HOOSICK FALLS, N.Y. — A temporary treatment system which would remove a toxic chemical from the village water supply could be delivered as early as Tuesday and installed within three weeks, according to Mayor David Borge.
And while a larger, "permanent" system is expected to be completed by October, the village is in talks about a possible settlement and long-term solution to environmental contamination from perfluorooctanoic acid (PFOA).
"The village's attorney, John Paterson, recommended we bring in a specialist, someone with an environmental background," Borge told the Banner Monday.
The village contracted with the Glens Falls law firm FitzGerald Morris Baker Firth to negotiate a settlement with the Saint-Gobain Corporation, the current owner of a McCaffrey Street facility being eyed as a contamination source. Thomas Ulasewicz, an attorney with the firm concentrating on environmental law, began representing the village in November. Borge said. Upon Ulasewicz's advisement, the law firm in turn contracted with a communications consultant, Albanybased Behan Communications.
"We've brought in a number of specialists on this issue," Borge said. "Engineers, attorneys and community members. We felt it was important to have people in those areas advise us since there was a concern by community members that we weren't getting information out quick enough."
To date, the cost to the village has been nothing, Borge said, although costs continue to incur.
"When we have to bring in specialists for these kinds of situations, you're obviously looking at costs that begin to incur," Borge said. "That's part of the overall discussions."
Borge said he couldn't discuss further details of the negotiations.
The EPA says the water shouldn't be used for cooking or drinking because it contains PFOA, sometimes called C8, a man-made chemical once used to make nonstick cookware and to insulate wires. It's been linked to cancer, is the subject of numerous lawsuits against DuPont alleging contamination and negligence, and many scientists and activists are calling for stricter regulation.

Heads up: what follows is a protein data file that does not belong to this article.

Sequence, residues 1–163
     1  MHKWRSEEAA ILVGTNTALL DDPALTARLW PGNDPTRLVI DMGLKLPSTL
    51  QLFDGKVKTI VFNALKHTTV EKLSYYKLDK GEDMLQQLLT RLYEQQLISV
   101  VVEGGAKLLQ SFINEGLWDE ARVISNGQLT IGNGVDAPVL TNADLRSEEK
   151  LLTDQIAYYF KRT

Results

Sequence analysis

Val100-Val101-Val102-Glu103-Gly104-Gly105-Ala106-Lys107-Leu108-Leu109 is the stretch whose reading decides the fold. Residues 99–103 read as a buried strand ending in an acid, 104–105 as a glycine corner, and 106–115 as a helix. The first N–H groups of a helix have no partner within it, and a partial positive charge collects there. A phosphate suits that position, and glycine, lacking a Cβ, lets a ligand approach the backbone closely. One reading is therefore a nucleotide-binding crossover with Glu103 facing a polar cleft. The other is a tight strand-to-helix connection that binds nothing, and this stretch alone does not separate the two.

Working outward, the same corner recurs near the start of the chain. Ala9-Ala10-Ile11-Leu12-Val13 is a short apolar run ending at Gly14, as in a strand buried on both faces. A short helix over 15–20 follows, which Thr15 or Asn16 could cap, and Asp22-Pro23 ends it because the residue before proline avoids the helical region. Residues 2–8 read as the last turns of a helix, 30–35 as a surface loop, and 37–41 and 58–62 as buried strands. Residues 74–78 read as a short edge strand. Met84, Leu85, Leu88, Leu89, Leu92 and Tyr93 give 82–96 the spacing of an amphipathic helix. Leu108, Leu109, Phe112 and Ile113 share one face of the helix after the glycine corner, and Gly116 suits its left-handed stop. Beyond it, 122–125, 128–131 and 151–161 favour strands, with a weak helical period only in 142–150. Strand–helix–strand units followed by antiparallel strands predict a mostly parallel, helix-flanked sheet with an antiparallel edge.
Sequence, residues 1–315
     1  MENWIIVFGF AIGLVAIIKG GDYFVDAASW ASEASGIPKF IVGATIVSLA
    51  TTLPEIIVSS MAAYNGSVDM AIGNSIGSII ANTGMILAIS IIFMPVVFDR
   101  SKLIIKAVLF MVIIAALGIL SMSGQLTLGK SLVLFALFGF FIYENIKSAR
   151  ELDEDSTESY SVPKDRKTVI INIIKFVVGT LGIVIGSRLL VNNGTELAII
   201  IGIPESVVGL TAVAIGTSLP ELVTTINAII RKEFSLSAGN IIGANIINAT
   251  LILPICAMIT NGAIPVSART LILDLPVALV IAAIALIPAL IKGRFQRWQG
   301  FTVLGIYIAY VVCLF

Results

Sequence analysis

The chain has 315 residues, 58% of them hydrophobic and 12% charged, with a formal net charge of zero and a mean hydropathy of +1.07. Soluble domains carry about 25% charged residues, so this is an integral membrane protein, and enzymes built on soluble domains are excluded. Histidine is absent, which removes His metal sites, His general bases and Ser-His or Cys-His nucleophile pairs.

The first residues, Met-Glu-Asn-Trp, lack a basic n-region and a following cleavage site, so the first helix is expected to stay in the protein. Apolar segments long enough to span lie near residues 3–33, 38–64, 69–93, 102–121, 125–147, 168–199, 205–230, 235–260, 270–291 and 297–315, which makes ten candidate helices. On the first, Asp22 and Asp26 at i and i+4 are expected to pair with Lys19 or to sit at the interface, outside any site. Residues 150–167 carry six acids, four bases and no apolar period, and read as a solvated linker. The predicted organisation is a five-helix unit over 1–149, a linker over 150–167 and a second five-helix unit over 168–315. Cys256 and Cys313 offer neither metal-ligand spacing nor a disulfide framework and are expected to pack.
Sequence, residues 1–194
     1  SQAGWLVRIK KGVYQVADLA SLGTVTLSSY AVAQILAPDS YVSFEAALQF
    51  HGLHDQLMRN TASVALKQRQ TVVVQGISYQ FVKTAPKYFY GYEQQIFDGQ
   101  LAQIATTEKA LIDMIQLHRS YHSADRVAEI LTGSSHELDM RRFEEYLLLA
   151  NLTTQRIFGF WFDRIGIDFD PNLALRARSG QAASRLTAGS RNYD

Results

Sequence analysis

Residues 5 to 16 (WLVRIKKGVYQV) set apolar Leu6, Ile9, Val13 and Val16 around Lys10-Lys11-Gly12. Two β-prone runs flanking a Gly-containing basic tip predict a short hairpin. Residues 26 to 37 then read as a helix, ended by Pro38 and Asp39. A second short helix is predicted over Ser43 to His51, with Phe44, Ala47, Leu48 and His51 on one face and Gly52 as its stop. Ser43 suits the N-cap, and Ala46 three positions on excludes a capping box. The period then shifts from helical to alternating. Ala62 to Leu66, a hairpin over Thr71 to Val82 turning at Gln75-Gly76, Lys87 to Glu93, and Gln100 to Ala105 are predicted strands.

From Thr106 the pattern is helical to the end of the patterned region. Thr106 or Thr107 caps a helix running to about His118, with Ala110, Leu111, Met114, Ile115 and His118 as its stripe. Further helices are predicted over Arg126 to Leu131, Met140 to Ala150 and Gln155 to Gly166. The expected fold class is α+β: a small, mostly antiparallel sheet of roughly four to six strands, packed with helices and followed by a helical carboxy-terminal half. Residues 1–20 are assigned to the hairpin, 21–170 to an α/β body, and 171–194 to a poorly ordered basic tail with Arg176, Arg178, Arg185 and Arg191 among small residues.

The EPA's "provisional health advisory" is 400 parts per trillion, but testing showed the water system serving some 4,900 people had up to 670 parts per trillion.
Saint-Gobain's site at 14 McCaffrey St. is 500 yards from the village's wells and had levels 40 times greater than the advisory. Officials with the French multinational corporation say they aren't sure their property is the source; the EPA is seeking an investigation into when and where the contamination took place.
"Our goal right from the beginning has been to give clean water to village residents as quickly as possible," Borge said.
Saint-Gobain is paying for bottled water and will pay some $2.3 million for "temporary" and "permanent" granulated activated carbon (GAC) filters. The temporary system is expected to be online next month, and the permanent to be completed by October.
Both systems, manufactured by Calgon Carbon of Pittsburgh, Pa., will reduce PFOA levels to below "the current laboratory detection levels" of 20 parts per trillion, according to a basis of design report prepared for the village by CT Male Associates of Latham.
The 22-foot-high, two vessel temporary system and accompanying heated enclosure will be sited some 10 feet to the existing water treatment plant. Water already treated by microfiltration and disinfection will be directed through the filters before being piped out to users through the existing 12-inch water main.
The temporary filter will treat up to 500,000 gallons a day, the village's "average day demand," although the treatment plant is rated at 1 million gallons a day. Borge said at a recent meeting the village may have to consider water restrictions this summer, a time when there's increased demand for water.
Residents have questioned whether the village will bear the cost of filter maintenance. The report states the activated carbon must be replaced every 200 days, but it's unclear how much that would cost.
In response to an inquiry, Saint Gobain spokeswoman Dina Pokedoff said: "The village will manage the operation of the temporary and permanent systems, and Saint-Gobain has agreed to pay for those operational costs."
Contact Edward Damon at 413-770-6979